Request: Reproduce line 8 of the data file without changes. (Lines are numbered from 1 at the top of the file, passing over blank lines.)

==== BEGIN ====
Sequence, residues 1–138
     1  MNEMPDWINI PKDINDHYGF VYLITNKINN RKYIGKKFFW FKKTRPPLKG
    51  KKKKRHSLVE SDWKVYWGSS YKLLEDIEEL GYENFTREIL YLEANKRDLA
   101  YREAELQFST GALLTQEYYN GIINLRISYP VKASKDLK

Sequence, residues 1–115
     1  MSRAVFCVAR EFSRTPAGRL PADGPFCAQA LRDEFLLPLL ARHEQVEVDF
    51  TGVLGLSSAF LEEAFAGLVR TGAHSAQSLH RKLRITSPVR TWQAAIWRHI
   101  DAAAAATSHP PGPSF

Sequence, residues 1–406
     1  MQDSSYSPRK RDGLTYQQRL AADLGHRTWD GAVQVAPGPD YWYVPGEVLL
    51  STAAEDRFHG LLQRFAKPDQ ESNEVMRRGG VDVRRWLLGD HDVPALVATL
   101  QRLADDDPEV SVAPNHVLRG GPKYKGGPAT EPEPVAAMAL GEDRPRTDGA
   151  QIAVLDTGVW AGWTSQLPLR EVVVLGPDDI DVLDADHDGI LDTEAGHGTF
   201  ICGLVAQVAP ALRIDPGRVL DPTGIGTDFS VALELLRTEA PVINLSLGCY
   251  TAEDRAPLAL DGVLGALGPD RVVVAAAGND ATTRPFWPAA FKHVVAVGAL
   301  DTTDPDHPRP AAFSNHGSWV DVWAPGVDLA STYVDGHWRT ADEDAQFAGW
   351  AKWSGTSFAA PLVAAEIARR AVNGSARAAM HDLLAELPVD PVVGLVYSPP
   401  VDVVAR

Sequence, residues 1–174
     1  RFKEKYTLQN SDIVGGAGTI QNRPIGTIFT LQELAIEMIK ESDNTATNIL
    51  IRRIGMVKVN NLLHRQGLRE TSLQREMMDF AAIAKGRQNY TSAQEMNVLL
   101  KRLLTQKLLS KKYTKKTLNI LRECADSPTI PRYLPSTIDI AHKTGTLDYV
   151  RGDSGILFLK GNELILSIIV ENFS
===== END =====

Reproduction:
   101  DAAAAATSHP PGPSF